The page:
She has sent her children to Jewish and regular public schools, too, but has settled on the Catholic system. “We don’t need religion in schools, but my kids are getting advantages being there.” Buchanan especially appreciates St. Gabriel’s intimate size: 350 students from kindergarten to Grade 8, which means only one class for most levels. Other advantages, big and small, include school uniforms, “which make mornings easy,” she says, and religion classes that inject “character education” into her children’s quotidian learning.
There’s a lingering perception that Catholic schools are academically superior to regular public schools, but there’s little evidence to support this. In the C. D. Howe Institute’s latest report on Ontario’s best public schools (released in June), seven of the top 20 schools in the 416 and 905 areas were Catholic. That’s roughly proportionate to the number of Catholic schools versus non-Catholic schools in the region.
Other provinces have changed with the times. In 1998, Newfoundland passed a constitutional amendment establishing a single secular school system after 73 per cent of its residents voted to eliminate funding for separate schools in a referendum. The province moved quickly to take advantage of efficiencies—enlarging school districts, consolidating schools, creating parent advisory councils and holding public elections for school board trustees, who were no longer appointed by the church. Even Quebec, irony of ironies, passed a constitutional amendment in 1997 to end the Catholic-Protestant system. It replaced it with separate systems based on French and English. Whether you think a linguistic divide is progress is beside the point—at least it’s secular.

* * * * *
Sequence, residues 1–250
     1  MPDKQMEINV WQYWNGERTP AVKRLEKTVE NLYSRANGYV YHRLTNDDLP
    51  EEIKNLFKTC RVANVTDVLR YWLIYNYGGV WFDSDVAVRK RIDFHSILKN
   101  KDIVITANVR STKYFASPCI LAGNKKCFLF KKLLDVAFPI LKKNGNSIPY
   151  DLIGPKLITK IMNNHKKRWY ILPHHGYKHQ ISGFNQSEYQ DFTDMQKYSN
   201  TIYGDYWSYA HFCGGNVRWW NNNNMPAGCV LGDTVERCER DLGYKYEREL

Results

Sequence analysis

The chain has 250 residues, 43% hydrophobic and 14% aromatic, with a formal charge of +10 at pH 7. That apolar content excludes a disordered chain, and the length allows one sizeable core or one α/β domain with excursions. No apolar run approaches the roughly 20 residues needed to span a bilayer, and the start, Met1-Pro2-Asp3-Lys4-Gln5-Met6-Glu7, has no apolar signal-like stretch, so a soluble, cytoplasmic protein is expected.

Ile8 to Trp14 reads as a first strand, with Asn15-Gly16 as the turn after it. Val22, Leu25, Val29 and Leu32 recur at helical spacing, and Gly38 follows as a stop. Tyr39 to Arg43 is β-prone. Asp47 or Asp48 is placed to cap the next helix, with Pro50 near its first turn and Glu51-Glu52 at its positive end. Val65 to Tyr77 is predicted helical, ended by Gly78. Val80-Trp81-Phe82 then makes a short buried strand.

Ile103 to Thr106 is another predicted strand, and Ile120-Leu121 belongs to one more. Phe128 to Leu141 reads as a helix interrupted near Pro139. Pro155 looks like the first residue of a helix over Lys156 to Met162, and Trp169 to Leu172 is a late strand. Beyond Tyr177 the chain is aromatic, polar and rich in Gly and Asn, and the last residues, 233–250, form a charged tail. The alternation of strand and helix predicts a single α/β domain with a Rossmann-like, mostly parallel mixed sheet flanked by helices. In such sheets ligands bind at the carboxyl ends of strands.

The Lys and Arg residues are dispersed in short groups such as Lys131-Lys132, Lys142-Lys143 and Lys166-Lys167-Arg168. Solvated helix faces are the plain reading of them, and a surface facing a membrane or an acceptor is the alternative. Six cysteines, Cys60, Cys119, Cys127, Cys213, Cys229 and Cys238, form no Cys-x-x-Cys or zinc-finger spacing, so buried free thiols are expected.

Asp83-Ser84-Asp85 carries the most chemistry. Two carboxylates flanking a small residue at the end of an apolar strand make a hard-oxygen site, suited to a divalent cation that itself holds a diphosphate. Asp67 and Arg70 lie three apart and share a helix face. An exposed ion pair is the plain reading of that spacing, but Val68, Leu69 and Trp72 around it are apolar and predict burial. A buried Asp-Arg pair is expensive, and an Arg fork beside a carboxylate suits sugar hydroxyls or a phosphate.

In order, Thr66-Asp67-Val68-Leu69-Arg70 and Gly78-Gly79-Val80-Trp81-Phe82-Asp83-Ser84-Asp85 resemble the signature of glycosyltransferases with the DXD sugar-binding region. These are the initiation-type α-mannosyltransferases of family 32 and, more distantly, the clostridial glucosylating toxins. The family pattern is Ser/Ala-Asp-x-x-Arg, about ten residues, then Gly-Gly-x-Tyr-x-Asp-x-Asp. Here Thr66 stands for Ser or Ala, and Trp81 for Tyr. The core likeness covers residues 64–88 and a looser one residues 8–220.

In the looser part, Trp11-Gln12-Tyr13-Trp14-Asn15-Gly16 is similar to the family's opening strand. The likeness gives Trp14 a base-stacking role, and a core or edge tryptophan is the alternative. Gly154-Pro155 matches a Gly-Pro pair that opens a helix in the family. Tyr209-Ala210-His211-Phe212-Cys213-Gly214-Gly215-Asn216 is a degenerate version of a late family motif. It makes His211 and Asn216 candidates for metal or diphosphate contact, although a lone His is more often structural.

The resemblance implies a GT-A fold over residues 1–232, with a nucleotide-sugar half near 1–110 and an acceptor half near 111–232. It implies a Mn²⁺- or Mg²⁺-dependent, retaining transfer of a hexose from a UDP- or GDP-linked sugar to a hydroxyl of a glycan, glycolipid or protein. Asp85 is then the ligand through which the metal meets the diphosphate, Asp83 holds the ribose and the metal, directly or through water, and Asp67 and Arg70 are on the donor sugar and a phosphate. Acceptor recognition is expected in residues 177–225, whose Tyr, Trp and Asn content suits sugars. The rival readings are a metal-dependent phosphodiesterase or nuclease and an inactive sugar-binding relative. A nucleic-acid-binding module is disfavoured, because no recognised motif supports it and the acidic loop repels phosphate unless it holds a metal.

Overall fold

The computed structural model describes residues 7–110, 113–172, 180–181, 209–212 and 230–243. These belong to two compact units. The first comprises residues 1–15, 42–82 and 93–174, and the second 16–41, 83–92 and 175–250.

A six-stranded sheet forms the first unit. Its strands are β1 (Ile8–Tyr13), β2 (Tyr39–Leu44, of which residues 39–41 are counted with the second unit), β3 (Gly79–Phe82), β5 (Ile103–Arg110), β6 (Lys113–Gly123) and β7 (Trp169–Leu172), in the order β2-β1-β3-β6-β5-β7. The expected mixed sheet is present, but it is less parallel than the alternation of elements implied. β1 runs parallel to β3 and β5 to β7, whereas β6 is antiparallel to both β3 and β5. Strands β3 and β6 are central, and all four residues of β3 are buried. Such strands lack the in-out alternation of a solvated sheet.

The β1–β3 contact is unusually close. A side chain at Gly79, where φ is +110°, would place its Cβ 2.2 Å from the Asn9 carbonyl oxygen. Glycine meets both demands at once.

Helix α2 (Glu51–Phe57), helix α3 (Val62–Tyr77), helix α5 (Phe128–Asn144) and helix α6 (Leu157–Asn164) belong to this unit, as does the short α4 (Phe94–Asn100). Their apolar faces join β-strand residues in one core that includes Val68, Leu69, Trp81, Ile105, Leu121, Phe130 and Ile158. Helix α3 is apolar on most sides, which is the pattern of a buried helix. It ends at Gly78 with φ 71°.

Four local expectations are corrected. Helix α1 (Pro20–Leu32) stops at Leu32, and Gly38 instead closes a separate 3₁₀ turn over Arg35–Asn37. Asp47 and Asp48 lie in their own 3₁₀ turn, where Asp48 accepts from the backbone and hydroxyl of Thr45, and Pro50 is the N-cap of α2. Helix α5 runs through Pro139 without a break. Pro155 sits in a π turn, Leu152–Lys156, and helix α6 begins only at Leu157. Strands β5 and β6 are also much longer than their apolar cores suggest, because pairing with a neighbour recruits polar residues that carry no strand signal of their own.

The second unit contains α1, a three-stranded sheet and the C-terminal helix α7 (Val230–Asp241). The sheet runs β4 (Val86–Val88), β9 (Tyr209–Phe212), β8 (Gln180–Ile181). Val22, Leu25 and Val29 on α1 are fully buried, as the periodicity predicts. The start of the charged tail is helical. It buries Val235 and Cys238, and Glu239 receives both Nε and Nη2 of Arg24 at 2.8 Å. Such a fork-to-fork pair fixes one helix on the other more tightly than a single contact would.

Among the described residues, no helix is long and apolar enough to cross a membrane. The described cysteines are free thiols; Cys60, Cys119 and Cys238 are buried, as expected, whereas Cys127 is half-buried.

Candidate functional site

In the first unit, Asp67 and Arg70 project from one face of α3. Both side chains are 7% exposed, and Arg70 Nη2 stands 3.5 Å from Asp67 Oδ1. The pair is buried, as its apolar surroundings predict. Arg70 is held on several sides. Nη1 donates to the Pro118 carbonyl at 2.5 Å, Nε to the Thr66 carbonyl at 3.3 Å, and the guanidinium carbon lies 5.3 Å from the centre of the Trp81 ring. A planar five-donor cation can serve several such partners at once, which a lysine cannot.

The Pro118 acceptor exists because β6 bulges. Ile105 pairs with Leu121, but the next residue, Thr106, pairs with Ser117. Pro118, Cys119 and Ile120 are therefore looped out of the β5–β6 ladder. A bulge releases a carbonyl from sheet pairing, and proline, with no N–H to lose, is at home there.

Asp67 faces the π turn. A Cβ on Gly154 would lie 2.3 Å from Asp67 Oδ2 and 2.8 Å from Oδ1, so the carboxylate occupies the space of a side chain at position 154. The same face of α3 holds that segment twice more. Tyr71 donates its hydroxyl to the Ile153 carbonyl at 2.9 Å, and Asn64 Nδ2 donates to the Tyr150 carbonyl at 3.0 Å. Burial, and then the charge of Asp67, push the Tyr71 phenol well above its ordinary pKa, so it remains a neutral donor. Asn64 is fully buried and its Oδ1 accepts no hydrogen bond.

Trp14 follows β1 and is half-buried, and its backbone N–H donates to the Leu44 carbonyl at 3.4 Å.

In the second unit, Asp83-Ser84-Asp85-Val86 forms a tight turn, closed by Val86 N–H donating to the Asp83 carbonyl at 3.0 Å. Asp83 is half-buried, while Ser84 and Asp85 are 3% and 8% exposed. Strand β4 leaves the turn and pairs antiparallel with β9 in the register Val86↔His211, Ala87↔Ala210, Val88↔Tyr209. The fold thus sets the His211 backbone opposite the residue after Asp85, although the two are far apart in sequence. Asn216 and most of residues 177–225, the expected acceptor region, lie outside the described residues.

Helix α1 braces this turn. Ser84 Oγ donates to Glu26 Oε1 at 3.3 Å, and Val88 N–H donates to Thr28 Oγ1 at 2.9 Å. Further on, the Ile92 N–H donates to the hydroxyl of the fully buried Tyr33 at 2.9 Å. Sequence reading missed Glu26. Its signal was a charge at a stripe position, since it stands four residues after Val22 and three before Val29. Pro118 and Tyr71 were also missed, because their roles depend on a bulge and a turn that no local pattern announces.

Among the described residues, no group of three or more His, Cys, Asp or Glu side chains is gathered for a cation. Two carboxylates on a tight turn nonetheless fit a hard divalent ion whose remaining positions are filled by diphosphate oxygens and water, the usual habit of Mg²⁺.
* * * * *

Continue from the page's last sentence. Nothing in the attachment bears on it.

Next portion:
For its part, Ontario has altered the original deal. For example, in 1985, then-premier Bill Davis extended full funding for Grades 11, 12 and 13, on the condition that Catholic high schools accept non-Catholic students. You can’t have it both ways. If a deal can be tampered with, it can also be quashed. In Ontario, however, the issue remains a political hot potato. During the 2007 provincial election, the backlash was swift when the Conservative leader, John Tory, proposed extending taxpayer funding to other religious schools on the basis that funding only one faith was unfair. Sixty-two per cent of Ontarians opposed Tory’s idea. On the contrary, more than half preferred a single school system to address the inequity.
It’s easy to see why. For thousands of out-of-work teachers who aren’t Catholic, the separate system is off limits. “You need to be an active member of the Catholic church in good standing and be recommended by your parish priest,” says Angela Gauthier, associate director of education for the TCDSB. “It’s an important part of our recruitment process.” By “active,” she means regularly attending Mass and being involved in the life of the church.
McGuinty may be the perfect politician to upend this discriminatory system. He’s only the second Roman Catholic to become premier of Ontario; his wife, Terri, teaches in a Catholic school. He already supports abortion rights and same-sex marriage, and has declared that extending school funding to other religions would be divisive and “regressive.” Although he has so far sidestepped the issue of Catholic school funding, he could end it by fiat, just as Mike Harris eliminated Grade 13. If he’s too faint-hearted, we could hold a province-wide referendum. Perhaps we can organize a vote for next year—that would be the 250th anniversary of the Treaty of Paris.